As Amsterdam is famous for its numerous canals we decided that taking a boat tour would be an good idea. Much like Bruges this is an excellent way to see the City and to take some cliched photographs. The tour took us around the canals of the inner City as well as the Amsterdam harbour. Of particular interest were a group of buidings which were leaning into each other due to subsidence. Apparently one of them is a hotel although I didn’t really fancy spending a night there.

Following the tour we searched out the Stedelijk Museum of contemporary art. Whilst there was the usual rubbish such as some bits of plastic pipe placed seemingly at random on the floor, most of the exibits were very good. One such exibit focused on the medium of TV and how it could be used as an art form. One piece showed a man compulsively washing his hands whilst the artists experimented with different R-G-B filters. This was to express the limitations of colour television. Another piece that stuck with me was a TV running an auto-queue. The text that appeared on screen commented on the relationship between TV and increasing consumerism. The piece was made some time during the 1970s but I felt that its message was probably more relevant now that it was back then.

In the evening we once again headed to the pub this time to watch Real Madrid take on Barcelona in the so called El Clasico. The first half involved Sergio Busquets and Pedro Rodriguez doing their best impressions of being shot by a lone sniper on the roof of the stadium. The second half proved a lot more interesting with Lional Messi scoring two fine goals to give Barcalona the victory.

On day three we decided to find Anne Frank’s house, a task that would have been very simple if I had remembered to take the map. Instead we spent a good hour walking up and down Amsterdam’s canals until we eventually found a sign post.

Anne Frank's House. I wonder if it's double glazed?

From the outside the house is very underwhelming, only a sign on the outside reading “Anne Frank Huis”, (as well as the massive queue of tourists) gives away its location. I can only assume that the sign is a recent addition and was not in place during the years 1939 to 1945. We decided not to go into the house, partly because the queue went all the way down the street, but also because we thought there probably wasn’t an awful lot to see inside.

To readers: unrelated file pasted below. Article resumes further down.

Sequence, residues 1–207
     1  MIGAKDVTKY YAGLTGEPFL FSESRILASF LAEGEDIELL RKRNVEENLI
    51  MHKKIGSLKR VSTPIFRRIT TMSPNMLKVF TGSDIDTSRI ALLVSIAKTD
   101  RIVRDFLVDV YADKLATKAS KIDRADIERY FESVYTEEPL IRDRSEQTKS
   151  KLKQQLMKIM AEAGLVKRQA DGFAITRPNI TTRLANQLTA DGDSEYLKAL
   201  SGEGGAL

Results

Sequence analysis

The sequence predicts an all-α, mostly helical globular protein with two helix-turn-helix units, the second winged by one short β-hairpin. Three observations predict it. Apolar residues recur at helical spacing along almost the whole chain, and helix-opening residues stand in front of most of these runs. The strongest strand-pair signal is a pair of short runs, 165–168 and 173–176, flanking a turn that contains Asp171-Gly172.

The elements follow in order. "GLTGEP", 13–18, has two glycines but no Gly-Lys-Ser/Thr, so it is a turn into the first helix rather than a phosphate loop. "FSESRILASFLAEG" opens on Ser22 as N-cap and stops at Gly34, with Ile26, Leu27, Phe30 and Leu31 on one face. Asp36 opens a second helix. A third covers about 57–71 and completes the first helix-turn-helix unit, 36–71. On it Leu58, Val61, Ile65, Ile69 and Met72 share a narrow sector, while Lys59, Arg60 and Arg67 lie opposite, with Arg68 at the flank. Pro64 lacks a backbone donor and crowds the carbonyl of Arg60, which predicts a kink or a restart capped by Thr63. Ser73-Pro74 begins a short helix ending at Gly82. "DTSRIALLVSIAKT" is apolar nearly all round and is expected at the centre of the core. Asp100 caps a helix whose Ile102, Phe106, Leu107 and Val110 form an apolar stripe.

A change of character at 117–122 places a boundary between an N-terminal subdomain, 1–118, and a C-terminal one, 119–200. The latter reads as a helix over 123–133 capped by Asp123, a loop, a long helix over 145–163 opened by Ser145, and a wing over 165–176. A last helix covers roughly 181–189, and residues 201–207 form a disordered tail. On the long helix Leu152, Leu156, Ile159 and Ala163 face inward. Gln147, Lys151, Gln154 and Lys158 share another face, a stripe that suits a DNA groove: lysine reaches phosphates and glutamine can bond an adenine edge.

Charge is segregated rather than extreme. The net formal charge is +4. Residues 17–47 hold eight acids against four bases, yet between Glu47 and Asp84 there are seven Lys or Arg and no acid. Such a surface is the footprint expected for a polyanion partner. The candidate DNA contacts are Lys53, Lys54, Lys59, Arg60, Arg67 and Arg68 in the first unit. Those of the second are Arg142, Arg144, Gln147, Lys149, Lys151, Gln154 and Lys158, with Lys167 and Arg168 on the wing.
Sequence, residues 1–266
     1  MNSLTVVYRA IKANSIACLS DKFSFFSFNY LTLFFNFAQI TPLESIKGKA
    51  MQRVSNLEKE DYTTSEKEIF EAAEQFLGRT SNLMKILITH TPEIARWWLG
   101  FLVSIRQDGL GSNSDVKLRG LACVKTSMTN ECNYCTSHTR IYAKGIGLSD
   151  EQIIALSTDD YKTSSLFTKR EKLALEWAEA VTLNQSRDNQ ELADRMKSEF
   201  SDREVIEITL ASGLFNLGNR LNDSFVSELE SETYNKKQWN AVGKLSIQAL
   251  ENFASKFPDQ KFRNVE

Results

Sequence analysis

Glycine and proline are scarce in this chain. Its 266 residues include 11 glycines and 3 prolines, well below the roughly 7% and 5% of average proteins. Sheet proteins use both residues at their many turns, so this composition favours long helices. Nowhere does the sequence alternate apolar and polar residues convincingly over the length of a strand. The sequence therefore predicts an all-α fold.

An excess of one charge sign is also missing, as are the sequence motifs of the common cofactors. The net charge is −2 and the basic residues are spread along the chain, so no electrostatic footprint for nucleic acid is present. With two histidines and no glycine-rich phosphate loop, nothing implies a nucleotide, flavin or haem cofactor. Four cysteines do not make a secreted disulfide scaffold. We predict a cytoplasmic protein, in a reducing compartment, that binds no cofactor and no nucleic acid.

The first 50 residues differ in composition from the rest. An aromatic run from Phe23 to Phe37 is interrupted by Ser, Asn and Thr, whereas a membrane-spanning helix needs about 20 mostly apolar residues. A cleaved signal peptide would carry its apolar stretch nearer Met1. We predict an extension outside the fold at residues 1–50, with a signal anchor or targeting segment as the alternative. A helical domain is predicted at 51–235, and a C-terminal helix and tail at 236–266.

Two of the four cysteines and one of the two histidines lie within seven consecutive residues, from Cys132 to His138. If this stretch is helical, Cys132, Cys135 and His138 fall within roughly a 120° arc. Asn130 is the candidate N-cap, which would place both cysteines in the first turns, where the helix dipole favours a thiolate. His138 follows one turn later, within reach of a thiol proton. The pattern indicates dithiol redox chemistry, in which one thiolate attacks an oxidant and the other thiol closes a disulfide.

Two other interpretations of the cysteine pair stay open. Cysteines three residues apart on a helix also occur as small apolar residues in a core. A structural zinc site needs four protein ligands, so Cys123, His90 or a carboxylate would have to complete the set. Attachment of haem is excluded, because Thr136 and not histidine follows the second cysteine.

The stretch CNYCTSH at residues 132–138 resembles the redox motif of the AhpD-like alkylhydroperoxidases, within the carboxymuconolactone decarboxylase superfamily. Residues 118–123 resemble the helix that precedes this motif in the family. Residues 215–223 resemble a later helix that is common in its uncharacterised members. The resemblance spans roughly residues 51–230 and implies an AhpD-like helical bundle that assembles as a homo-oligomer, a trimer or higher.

Much of the afternoon was spent sat on a bench talking about the best ways to flank a Phalanx formation in Rome Total War. Shortly after it started to rain so Chris and I darted into a music store to check out the CDs. Music is outrageously expensive in Holland. Anywhere between €15 and €25 for a CD seemed to be “normal”. No wonder people illegally download music. Having said that the music selection was a great deal better than what you would find in your average HMV store.

Following a pit stop for coffee and people watching we headed out in search of something to eat. Chris recommended we try some Indonesian cuisine. Having never tried it before I wasn’t sure what to expect, but I like to think that I’m very open to trying new foods. I settled for some squid and rice based dish whilst Chris went for a selection of meats (also with Rice). What an excellent choice it turned out to be! The best way I can think to describe Indonesian food is somewhere between Chinese and Indian. A pretty useless description I know but it’s the best I can come up with.